The behavior of thin provisioned disk VMDKs in a datastore cluster is quite interesting. Storage DRS supports the use of thin provisioned disks and is aware of both the configured size and the actual data usage of the virtual disk. When determining placement of a virtual machine, Storage DRS verifies the disk usage of the files stored on the datastore. To avoid getting caught out by instant data growth of the existing thin disk VMDKs, Storage DRS adds a buffer space to each thin disk. This buffer zone is determined by the advanced setting “PercentIdleMBinSpaceDemand”. This setting controls how conservative Storage DRS is with determining the available space on the datastore for load balancing and initial placement operations of virtual machines.
The main element of the advanced option “PercentIdleMBinSpaceDemand” is the amount of IdleMB a thin-provisioned VMDK disk file contains. When a thin disk is configured, the user determines the maximum size of the disk. This configured size is referred to as “Provisioned Space”. When a thin disk is in use, it contains an x amount of data. The size of the actual data inside the thin disk is referred to as “allocated space”. The space between the allocated space and the provisioned space is called identified as the IdleMB. Let’s use this in an example. VM1 has a single VMDK on Datastore1. The total configured size of the VMDK is 6GB. VM1 written 2GB to the VMDK, this means the amount of IdleMB is 4GB.
The PercentIdleMBinSpaceDemand setting defines percentage of IdleMB that is added to the allocated space of a VMDK during free space calculation of the datastore. The default value is set to 25%. When using the previous example, the PercentIdleMBinSpaceDemand is applied to the 4GB unallocated space, 25% of 4GB = 1 GB.
Entitled Space Use
Storage DRS will add the result of the PercentIdleMBinSpaceDemand calculation to the consumed space to determine the “entitled space use”. In this example the entitled space use is: 2GB + 1GB = 3GB of entitled space use.
Calculation during placement
The size of Datastore1 is 10GB. VM1 entitled space use is 3GB, this means that Storage DRS determines that Datastore1 has 7GB of available free space.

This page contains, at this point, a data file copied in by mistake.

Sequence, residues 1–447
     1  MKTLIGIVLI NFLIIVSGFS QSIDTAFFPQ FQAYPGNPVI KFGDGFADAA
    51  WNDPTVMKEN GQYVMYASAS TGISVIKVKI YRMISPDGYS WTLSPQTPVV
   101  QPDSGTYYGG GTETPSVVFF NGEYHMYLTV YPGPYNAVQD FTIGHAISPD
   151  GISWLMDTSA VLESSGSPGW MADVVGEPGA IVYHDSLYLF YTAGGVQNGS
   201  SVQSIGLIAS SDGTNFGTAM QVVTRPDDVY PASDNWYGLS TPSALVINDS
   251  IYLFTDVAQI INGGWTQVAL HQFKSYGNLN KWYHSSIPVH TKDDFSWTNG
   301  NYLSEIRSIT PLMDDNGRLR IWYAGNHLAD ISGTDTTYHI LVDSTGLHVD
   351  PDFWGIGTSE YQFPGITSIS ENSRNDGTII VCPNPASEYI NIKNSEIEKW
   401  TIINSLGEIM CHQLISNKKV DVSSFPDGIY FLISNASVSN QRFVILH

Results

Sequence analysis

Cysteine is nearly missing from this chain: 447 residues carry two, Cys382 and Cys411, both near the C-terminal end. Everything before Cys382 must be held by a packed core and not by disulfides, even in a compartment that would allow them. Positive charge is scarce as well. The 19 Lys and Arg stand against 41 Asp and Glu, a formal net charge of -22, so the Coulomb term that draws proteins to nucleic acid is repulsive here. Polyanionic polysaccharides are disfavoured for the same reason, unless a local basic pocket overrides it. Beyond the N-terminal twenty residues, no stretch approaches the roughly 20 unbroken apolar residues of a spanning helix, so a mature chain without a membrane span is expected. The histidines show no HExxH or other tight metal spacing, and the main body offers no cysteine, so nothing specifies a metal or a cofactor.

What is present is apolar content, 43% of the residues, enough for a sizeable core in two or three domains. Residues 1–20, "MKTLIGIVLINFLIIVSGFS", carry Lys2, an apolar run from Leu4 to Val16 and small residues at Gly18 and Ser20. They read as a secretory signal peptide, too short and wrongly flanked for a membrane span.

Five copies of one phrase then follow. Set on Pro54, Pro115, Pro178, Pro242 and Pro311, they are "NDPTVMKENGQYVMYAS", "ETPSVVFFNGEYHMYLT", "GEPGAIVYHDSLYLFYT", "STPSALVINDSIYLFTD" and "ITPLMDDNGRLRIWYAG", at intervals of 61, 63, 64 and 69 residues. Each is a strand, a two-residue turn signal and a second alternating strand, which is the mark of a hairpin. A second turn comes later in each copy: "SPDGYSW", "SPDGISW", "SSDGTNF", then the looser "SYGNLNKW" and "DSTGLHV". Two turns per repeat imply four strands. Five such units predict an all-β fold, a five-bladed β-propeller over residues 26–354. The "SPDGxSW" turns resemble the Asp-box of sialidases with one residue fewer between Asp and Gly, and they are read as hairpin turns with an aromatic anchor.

Changing the PercentIdleMBinSpaceDemand default setting
Any value from 0% to 100% is valid. This setting is applied on datastore cluster level. There can be multiple reasons to change the default percentage. By using 0%, Storage DRS will only use the allocated space, allowing high consolidation. This is might be useful in environments with static or extremely slow data increase.
There are multiple use cases for setting the percentage to 100%, effectively disabling over-commitment on VMDK level. Setting the value to 100% forces Storage DRS to use the full size of the VMDK in its space usage calculations. Many customers are comfortable managing over-commitment of capacity only at storage array layer. This change allows the customer to use thin disks on thin provisioned datastores.
Use case 1: NFS datastores
A use case is for example using NFS datastores. Default behavior of vSphere is to create thin disks when the virtual machine is placed on a NFS datastore. This forces the customer to accept a risk of over-commitment on VMDK level. By setting it to 100%, Storage DRS will use the provisioned space during free space calculations instead of the allocated space.
Use case 2: Safeguard to protect against unintentional use of thin disks
This setting can also be used as safeguard for unintentional use of thin disks. Many customers have multiple teams for managing the virtual infrastructure, one team for managing the architecture, while another team is responsible for provisioning the virtual machines. The architecture team does not want over-commitment on VMDK level, but is dependent on the provisioning team to follow guidelines and only use thick disks. By setting “PercentIdleMBinSpaceDemand” to 100%, the architecture team is ensured that Storage DRS calculates datastore free space based on provisioned space, simulating “only-thick disks” behavior.
Use-case 3: Reducing Storage vMotion overhead while avoiding over-commitment
By setting the percentage to 100%, no over-commitment will be allowed on the datastore, however the efficiency advantage of using thin disks remains. Storage DRS uses the allocated space to calculate the risk and the cost of a migration recommendation when a datastore avoids its I/O or space utilization threshold. This allows Storage DRS to select the VMDK that generates the lowest amount of overhead. vSphere only needs to move the used data blocks instead of all the zeroed out blocks, reducing CPU cycles. Overhead on the storage network is reduced, as only used blocks need to traverse the storage network.
Get notification of these blogs postings and more DRS and Storage DRS information by following me on Twitter: @frankdenneman
Avoiding VMDK level over-commitment while using Thin disks and Storage DRS
2 min read